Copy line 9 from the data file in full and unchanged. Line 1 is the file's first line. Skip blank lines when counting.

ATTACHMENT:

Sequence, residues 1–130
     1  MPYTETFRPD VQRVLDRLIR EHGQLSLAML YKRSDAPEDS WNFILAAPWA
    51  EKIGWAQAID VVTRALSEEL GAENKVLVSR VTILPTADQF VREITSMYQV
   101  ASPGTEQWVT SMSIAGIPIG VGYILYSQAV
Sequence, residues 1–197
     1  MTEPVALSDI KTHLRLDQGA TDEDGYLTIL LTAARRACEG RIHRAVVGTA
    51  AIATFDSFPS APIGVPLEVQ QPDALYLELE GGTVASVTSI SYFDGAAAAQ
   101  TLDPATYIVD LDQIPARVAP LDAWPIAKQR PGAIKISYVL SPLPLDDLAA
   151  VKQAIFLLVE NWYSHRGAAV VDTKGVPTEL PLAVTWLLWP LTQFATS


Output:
   151  VKQAIFLLVE NWYSHRGAAV VDTKGVPTEL PLAVTWLLWP LTQFATS